I make my family crazy.
At lunch we’ll have the “what should we have for supper” conversation, and it inevitably goes something like this.
Dear Son (DS): What’s for supper?
Me: Hmmmm, what sounds good?
Dear Husband (DH): What are the options?
Me: Cinnamon rolls and chili?
DS: Sounds great!
Me: Or there’s taco shells…we could have tacos and rice. Or we could have pork chops and fried apples.
DH: STOP! Don’t work so hard — chili & cinnamon rolls it is.
Me (thinking): Maybe I should check in the freezer and see what else there is…..
There I go again.
What if there’s something else they’d prefer? If one acceptable dinner option is good, wouldn’t half a dozen other options be better?
According to my family…the answer is actually…No.
“Really?” I ask, struggling to believe them.
My guys assure me they don’t need — or want — so many choices, especially if the first thing I mention sounds good enough.
DS: Mom, chili’s fine.
Me: Are you sure?
DH: We’re positive.
I’m learning to remind myself there’s no need to fret over insignificant things or work so hard. I’ve been reminding myself that at times like this, one option is enough.
In life, there are plenty of big questions. Having one option for what we can eat for supper is fine. If it’s not someone’s favorite? Who cares! There will always be another opportunity to have that person’s favorite for supper some other night.
These days when I’m getting dressed and I start reaching for Outfit #2, I try to think of a friend that I’ve seen recently, and then I ask myself, “What was this person wearing the last time I saw her?”
I may be spectacularly unobservant, but I usually can’t remember. When I can’t decide what to wear in the morning, I remind myself that if I can’t remember what Karen was wearing last night….then what I’m wearing today probably doesn’t matter all that much either.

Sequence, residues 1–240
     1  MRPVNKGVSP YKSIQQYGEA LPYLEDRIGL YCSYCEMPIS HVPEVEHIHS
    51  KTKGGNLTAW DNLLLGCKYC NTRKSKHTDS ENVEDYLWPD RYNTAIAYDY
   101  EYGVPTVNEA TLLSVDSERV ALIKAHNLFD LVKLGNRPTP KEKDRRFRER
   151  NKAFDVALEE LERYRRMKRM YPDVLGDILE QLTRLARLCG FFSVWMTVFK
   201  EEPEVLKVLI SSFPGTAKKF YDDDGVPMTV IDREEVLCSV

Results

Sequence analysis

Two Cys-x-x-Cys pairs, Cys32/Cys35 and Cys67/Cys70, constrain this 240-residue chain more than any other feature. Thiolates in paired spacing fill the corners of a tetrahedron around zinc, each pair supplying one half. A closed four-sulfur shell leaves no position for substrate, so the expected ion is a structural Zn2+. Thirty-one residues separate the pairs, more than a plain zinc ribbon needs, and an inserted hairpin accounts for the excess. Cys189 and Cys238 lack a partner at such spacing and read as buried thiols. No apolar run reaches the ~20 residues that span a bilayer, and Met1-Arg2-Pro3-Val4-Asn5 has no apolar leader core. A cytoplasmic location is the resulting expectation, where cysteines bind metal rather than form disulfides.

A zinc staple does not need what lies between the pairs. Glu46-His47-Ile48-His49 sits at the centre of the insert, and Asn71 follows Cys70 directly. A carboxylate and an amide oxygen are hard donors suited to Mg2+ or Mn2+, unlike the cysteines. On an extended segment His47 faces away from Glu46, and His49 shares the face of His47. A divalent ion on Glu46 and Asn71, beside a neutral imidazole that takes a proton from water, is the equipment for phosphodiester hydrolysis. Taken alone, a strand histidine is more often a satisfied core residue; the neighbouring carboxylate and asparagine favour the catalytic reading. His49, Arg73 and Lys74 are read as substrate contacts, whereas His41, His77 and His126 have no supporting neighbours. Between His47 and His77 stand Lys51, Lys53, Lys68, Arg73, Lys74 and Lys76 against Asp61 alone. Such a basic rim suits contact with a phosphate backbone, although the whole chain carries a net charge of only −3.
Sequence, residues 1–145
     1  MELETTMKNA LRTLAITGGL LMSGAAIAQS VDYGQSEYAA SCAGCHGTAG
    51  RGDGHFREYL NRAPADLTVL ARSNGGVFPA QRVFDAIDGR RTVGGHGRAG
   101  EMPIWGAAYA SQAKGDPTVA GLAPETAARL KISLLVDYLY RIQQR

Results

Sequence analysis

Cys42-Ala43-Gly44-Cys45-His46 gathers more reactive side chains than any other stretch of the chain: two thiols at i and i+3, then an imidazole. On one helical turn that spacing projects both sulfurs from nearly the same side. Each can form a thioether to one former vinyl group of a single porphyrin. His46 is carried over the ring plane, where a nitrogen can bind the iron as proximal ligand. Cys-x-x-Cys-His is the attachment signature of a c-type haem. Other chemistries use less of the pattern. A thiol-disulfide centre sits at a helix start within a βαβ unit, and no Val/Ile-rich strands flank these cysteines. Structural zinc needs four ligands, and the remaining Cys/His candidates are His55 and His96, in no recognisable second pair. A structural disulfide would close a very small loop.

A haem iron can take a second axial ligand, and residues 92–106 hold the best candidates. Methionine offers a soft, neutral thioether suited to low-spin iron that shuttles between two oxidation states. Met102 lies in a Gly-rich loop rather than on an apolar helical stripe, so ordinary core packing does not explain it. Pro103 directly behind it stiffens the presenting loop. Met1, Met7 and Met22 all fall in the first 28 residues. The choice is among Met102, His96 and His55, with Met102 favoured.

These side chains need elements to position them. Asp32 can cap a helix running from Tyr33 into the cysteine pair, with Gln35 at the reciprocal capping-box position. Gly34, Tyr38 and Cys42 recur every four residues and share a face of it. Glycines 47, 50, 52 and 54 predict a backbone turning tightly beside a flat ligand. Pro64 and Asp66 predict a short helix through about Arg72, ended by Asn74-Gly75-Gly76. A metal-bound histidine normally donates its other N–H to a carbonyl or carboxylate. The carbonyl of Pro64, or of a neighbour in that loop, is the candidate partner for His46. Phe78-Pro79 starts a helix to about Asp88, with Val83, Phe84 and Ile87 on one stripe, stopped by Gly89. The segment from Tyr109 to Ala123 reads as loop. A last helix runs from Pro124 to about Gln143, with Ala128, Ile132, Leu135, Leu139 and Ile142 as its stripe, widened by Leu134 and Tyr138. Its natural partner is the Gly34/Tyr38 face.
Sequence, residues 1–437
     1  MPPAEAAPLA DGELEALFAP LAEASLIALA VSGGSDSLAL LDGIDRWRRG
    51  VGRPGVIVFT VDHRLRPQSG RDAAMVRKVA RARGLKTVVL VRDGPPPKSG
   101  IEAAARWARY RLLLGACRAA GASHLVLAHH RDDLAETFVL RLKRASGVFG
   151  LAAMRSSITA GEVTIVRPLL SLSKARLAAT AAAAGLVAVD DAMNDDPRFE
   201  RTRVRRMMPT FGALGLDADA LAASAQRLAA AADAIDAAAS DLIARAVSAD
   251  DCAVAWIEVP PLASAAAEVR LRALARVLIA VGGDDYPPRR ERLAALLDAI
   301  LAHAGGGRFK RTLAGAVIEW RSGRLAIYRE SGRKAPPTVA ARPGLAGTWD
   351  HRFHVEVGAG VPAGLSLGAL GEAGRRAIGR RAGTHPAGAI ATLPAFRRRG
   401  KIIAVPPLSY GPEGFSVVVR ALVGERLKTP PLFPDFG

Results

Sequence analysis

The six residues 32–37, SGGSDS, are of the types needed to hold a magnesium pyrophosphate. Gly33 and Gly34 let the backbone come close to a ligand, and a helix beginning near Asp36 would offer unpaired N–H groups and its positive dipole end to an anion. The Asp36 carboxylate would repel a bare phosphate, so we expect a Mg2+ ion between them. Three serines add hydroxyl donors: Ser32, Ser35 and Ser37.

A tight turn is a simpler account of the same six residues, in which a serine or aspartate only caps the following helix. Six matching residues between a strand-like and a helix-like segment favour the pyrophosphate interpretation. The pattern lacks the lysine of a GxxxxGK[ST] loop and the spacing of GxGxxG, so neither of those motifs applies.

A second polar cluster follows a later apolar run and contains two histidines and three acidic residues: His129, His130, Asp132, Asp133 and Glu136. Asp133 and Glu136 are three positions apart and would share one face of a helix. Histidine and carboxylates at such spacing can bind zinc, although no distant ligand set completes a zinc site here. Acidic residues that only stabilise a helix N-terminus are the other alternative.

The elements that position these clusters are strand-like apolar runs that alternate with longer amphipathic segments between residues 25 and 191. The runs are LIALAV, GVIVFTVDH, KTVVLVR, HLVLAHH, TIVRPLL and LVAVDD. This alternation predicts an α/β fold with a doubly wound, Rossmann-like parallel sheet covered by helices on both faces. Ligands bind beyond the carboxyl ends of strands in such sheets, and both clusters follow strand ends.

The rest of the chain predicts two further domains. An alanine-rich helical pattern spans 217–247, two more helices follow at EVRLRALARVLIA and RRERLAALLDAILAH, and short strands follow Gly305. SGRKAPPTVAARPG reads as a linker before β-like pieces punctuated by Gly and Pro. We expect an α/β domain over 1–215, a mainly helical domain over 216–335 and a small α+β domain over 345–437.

And truly, when I consider that my main goal in the morning is “don’t head off on the day’s activities buck naked”… well, it does sort of take the pressure off.
Because here’s the other thing I realized. If it’s something really important, say getting dressed for special event, I always figure that out way ahead of time anyway.
The same holds true of “what should we have for dinner?”
But things are getting better.
The other day I stood in the greeting card aisle looking for a sympathy card for a friend whose brother had died. I found myself rejecting each of the cards I looked at in turn.
And that’s when I caught myself.
WAIT A SECOND!
I looked at the card I held and honestly thought, “There’s nothing wrong with this card.”
Poof! I was done!
I went through the checkout and got to my next appointment without rushing around, all because I skipped the search for that illusive “perfect card” that might (or might not) have been out there.
And that’s the most important thing: the more I keep an eye on my tendency to overthink things, the easier it gets to identify that behavior pattern, and, to quote Barney Fife, “Nip It In The Bud! Nip It!”
Each time I stop the overthinking, I congratulate myself And remind myself to keep up the good work.
Oh, it’s still not perfect, this system I’ve devised, but it’s good….and best of all it’s getting better.